For Apple Watch owners, Siri is getting better in WatchOS 2, which is expected to arrive alongside iOS 9 later this year. You'll be able to use it to start a workout, find out transit directions and more.
Plus, in iOS 8.4, which comes with Apple's new Apple Music service on 30 June, you'll be able to use Siri to control what you listen to in much more intuitive and useful ways. For instance, you'll be able to ask Siri to "play the top songs from 1982," "Play more songs like this," "Add the new Blur album to my library," or "After this song, play They Want My Soul." You'll need to sign up to Apple Music, which will cost £9.99 per month after the first free months, which are free.
How to set up Siri: Get started with Siri voice commands
Getting started with Siri couldn't be easier. Simply press and hold the Home button. The background will blur, you'll hear a 'ba-ding' noise and 'What can I help you with?' appears onscreen. You should also see a wavy white line at the bottom of the screen.
Simply speak your request into the iPad or iPhone. When you've finished speaking, the white line turns into a round microphone icon and Siri will get back to you with an answer. Sometimes it takes Siri a few moments to think about the answer, but it's a lot faster than it used to be, particularly now that iOS 8.3 has arrived.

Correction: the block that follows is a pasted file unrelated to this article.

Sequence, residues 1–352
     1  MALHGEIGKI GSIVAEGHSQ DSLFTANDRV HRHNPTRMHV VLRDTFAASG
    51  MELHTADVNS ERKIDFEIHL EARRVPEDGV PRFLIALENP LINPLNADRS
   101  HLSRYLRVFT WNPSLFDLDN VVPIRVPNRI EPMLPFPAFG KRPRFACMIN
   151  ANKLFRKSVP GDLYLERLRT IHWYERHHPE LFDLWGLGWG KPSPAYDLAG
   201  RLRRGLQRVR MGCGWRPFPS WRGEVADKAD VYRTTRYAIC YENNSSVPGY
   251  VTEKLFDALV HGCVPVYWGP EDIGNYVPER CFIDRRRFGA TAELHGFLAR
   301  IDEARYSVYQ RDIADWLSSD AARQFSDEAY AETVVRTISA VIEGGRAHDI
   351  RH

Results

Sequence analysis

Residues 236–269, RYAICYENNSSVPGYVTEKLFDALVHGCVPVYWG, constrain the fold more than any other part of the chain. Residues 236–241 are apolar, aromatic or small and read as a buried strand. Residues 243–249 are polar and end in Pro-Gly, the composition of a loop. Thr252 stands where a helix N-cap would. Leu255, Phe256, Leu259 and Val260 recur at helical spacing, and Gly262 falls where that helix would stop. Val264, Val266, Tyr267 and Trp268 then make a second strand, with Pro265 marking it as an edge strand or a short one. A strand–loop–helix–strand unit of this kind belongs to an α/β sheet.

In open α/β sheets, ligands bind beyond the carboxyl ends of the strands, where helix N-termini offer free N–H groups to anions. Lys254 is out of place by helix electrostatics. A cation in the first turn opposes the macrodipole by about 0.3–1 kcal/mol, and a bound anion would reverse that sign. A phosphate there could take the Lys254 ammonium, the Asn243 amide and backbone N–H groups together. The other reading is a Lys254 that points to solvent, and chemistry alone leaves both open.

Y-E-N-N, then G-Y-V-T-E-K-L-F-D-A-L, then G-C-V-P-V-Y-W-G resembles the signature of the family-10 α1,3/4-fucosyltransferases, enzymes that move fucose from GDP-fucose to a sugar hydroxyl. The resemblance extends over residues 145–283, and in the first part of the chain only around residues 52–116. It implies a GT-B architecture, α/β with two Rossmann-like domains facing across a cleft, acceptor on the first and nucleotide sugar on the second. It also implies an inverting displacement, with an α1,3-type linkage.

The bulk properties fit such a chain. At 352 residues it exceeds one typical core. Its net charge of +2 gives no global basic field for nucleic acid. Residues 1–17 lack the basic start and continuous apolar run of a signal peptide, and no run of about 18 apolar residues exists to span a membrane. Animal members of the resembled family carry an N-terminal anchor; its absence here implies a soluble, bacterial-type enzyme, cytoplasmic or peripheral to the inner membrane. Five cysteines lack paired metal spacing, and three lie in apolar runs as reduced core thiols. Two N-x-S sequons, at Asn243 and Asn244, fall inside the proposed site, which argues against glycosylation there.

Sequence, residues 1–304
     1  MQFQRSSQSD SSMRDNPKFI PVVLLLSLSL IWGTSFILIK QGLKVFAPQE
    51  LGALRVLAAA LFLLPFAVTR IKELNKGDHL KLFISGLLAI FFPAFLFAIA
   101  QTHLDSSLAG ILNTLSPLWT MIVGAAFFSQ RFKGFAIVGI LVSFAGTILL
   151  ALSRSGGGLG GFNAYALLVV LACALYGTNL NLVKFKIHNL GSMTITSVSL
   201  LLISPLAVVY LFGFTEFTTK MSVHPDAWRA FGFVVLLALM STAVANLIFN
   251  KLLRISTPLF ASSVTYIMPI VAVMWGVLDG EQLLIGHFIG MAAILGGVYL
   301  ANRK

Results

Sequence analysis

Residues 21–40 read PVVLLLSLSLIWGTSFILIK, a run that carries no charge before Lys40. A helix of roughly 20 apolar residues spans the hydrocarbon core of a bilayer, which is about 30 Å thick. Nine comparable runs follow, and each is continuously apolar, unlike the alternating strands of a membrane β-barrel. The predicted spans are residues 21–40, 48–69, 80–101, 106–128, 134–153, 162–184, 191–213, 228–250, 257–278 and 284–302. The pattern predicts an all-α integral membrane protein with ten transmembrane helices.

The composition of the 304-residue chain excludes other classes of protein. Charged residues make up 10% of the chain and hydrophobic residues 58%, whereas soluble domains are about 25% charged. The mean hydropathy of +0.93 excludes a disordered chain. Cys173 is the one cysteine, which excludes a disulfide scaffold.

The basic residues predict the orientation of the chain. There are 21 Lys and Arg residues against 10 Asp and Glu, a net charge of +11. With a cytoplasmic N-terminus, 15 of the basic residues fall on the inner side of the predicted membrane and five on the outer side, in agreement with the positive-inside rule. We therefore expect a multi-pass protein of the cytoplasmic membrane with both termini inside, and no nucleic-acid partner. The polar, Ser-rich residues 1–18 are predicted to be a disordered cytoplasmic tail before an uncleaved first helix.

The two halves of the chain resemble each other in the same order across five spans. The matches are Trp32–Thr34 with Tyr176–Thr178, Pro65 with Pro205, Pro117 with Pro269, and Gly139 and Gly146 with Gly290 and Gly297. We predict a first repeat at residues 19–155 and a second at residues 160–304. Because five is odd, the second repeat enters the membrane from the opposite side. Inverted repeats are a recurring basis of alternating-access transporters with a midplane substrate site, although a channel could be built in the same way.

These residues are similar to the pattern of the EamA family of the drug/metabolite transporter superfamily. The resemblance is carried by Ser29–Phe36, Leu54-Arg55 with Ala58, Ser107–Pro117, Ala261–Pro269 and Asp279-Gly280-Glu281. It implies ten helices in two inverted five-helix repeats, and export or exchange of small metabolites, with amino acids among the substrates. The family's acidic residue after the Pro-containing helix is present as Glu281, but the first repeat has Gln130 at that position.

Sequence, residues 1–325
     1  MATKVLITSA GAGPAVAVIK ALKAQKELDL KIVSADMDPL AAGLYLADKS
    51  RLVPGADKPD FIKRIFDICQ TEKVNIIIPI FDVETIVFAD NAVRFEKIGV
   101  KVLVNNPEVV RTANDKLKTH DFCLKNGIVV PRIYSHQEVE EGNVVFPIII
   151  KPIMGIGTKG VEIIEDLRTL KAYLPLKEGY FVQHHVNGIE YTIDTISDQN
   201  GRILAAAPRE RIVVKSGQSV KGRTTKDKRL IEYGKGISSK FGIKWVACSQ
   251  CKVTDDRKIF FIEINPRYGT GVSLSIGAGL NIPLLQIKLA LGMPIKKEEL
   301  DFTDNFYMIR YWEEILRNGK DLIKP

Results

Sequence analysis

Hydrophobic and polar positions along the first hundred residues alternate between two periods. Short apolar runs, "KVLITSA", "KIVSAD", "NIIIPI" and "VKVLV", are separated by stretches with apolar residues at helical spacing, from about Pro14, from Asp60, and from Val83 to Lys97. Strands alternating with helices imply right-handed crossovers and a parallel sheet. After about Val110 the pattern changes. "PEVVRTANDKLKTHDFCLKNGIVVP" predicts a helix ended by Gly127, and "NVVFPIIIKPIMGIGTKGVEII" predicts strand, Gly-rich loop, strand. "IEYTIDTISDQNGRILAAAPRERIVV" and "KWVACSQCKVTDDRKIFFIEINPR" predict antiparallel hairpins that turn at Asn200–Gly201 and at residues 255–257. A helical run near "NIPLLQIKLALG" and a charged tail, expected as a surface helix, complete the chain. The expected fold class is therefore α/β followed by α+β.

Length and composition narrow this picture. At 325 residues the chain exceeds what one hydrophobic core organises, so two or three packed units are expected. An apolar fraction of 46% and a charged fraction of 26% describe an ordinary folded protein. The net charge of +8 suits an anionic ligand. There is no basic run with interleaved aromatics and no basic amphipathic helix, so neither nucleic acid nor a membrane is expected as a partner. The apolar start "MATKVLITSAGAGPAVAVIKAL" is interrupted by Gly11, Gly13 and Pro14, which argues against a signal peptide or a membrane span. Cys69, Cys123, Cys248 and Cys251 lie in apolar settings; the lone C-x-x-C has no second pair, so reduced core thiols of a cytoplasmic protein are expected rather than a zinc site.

You can also manually control how long Siri listens to you for, rather than waiting for it to detect that you've stopped speaking. To do this, hold down the Home button while you say your command or ask a question, and release it when you've finished.
Siri works by recording your voice and sending it to a server that interprets what you've said and returns plain text. If you haven't got an internet connection, Siri won't work.
In the UK, the male Siri voice was updated in iOS 7.1 to sound less robotic and more natural, and a new female voice option was added. You can switch Siri's gender to female by going to Settings > General > Siri and tapping Voice Gender.
You can ask Siri all sorts of things, and the more you use Siri the more accurate it becomes. You soon become aware of just how useful it can be, and what its boundaries are. It knows a lot about weather, restaurants, films and football, for example, but nothing about Formula One.
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